HIPAA Right of Access Initiative Overview
The HIPAA Right of Access Initiative was created to support patients’ rights to timely and affordable access to their health records.
The HIPAA Privacy Rule protects individual’s rights to access their health information under 45 CFR §164.524. Generally, the HIPAA Privacy Rule requires:
“HIPAA covered entities (health plans and most health care providers) to provide individuals, upon request, with access to the protected health information (PHI) about them in one or more “designated record sets” maintained by or for the covered entity.”1
The “designated record set” is defined at 45 CFR §164.501 to include:
“…a group of records maintained by or for a covered entity” that includes medical and billing records; enrollment, payment, and claims adjudication data; and case or medical management record systems data.2
HIPAA generally requires covered entities to provide access to medical records within 30 days of a patient’s request and also specifies what fees providers can charge.3
Department of Health and Human Services (HHS) Office of Civil Rights’ (OCR) enforcement of this initiative began in 2019. Bayfront Health St. Petersburg paid $85,000 to the HHS OCR after failing to provide records to a mother for her minor daughter in a timely manner.4
In September of this year, the OCR resolved its 20th enforcement with an $80,000 settlement.
Children’s Hospital & Medical Center (CHMC) failed to provide a mother:
“with timely access to her minor daughter’s medical records. CHMC provided some records but did not provide all of the requested records to the parent’s multiple follow-up requests.”5
The OCR also recently announced four additional enforcements totaling $232,000 in settlements in addition to corrective action plans, and one civil money penalty of $100,000.6 These we not related to a parent/minor relationship.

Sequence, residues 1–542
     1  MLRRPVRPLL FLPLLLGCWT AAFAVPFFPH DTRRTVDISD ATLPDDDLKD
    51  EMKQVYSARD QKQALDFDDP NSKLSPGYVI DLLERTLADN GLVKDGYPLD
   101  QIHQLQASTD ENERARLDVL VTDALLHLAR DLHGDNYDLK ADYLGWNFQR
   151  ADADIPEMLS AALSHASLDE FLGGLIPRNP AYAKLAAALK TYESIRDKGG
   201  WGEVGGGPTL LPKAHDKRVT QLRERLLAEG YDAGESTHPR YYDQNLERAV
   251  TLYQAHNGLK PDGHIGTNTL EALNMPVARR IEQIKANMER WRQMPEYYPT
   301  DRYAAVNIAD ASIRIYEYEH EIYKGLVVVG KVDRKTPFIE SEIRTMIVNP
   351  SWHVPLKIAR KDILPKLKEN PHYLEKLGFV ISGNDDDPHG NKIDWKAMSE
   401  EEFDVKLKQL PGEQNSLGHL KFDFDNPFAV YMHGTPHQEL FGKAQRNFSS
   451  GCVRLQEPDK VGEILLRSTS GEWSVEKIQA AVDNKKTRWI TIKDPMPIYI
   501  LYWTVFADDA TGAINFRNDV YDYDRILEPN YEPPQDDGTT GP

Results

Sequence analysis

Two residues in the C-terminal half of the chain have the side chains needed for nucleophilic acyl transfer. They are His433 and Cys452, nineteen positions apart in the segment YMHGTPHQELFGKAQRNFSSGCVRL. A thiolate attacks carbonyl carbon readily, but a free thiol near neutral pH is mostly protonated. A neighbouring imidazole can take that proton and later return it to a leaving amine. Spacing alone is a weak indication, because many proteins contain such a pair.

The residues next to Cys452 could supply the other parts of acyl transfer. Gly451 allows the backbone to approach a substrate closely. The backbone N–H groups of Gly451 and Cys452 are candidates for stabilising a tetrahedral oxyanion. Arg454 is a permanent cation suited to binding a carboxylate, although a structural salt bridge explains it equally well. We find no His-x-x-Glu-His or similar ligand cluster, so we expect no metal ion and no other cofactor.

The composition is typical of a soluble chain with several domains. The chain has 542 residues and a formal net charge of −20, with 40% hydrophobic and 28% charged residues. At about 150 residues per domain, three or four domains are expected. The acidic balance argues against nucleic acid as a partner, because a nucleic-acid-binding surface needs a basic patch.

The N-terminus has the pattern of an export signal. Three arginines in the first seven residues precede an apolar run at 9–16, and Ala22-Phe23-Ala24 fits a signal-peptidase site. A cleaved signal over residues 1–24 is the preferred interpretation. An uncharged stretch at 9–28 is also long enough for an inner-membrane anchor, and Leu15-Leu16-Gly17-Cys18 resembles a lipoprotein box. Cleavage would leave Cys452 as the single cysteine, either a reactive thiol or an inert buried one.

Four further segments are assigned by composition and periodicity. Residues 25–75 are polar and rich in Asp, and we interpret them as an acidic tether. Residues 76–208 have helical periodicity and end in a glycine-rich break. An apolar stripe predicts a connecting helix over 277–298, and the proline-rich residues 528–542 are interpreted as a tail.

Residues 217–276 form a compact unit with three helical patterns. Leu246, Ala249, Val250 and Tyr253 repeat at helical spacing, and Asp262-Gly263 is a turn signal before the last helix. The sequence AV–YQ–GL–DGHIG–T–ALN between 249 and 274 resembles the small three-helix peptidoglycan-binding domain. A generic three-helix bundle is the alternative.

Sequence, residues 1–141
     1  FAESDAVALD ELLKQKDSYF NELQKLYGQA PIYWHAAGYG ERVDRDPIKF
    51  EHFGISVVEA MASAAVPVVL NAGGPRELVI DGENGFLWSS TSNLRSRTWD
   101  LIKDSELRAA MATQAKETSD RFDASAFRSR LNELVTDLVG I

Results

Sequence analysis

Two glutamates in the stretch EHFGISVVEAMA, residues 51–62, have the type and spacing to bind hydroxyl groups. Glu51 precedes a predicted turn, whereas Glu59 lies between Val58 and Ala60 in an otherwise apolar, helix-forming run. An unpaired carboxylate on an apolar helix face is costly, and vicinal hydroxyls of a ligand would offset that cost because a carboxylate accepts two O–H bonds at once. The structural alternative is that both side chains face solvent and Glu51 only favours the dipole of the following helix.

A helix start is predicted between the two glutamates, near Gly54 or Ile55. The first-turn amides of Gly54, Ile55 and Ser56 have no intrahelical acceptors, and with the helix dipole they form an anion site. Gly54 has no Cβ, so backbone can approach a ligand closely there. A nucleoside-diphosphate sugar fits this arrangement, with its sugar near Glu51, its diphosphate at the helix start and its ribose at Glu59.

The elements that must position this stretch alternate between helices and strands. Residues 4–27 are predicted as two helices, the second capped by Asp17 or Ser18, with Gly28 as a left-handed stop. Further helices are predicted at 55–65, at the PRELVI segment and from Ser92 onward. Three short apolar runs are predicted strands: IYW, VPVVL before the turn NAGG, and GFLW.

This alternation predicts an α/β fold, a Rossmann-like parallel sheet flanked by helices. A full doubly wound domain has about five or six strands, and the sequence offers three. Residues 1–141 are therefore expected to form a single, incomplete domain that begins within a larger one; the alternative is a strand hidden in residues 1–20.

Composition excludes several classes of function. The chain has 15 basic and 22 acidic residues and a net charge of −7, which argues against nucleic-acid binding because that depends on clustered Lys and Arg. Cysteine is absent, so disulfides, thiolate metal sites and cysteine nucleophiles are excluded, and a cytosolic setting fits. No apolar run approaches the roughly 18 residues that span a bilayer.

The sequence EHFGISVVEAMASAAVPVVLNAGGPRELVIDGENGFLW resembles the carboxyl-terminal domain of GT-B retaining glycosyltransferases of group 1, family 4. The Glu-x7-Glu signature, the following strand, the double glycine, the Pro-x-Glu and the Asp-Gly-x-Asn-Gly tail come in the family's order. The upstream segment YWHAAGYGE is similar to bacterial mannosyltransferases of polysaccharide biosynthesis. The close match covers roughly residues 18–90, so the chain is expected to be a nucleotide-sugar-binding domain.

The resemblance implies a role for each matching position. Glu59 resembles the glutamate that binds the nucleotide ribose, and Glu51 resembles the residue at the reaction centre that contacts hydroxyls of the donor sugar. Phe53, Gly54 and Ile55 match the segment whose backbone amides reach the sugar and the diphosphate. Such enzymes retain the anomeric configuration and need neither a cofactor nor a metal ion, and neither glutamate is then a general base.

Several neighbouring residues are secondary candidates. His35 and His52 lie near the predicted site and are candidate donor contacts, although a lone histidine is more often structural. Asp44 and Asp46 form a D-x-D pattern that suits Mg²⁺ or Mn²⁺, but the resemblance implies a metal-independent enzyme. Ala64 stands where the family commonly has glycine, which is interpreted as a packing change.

The OCR Not Backing Down
In the HHS press release, OCR Director Lisa J. Pino is quoted as saying:
“OCR will continue its enforcement actions by holding covered entities responsible for their HIPAA compliance and pursue civil money penalties for violations that are not addressed.” 7
The most recent enforcements include individual doctors, medical groups, and specialty treatment centers. As patients file complaints, if they feel they have not been given timely access, enforcements will not be limited to large organizations. Individual providers and small groups alike are subject to the Privacy Rule.
All providers should have a plan to ensure they meet the 30-day limit to provide the medical records to ensure they are in compliance with the HIPAA Right of Access Initiative.
Data problem? Analytics? Regulations? Data privacy? Humanity? Coffee and talk? You can reach me at firstname.lastname@example.org or 312.933.2752.
Josh Leventhal is an expert in healthcare data and analytics and is Managing Director with Kohler HealthCare. He has over 15 years of hands-on experience in healthcare data and analytics solving problems for providers, payers, and life science organizations. Josh started his career in management consulting analyzing data for the largest joint defense litigations in the country before applying his skills and expertise at local startups to assist the Medicaid a managed care organization and medical research industries. His experiences as a consultant, product manager and developer allow him to work effectively with both business and technology stakeholders.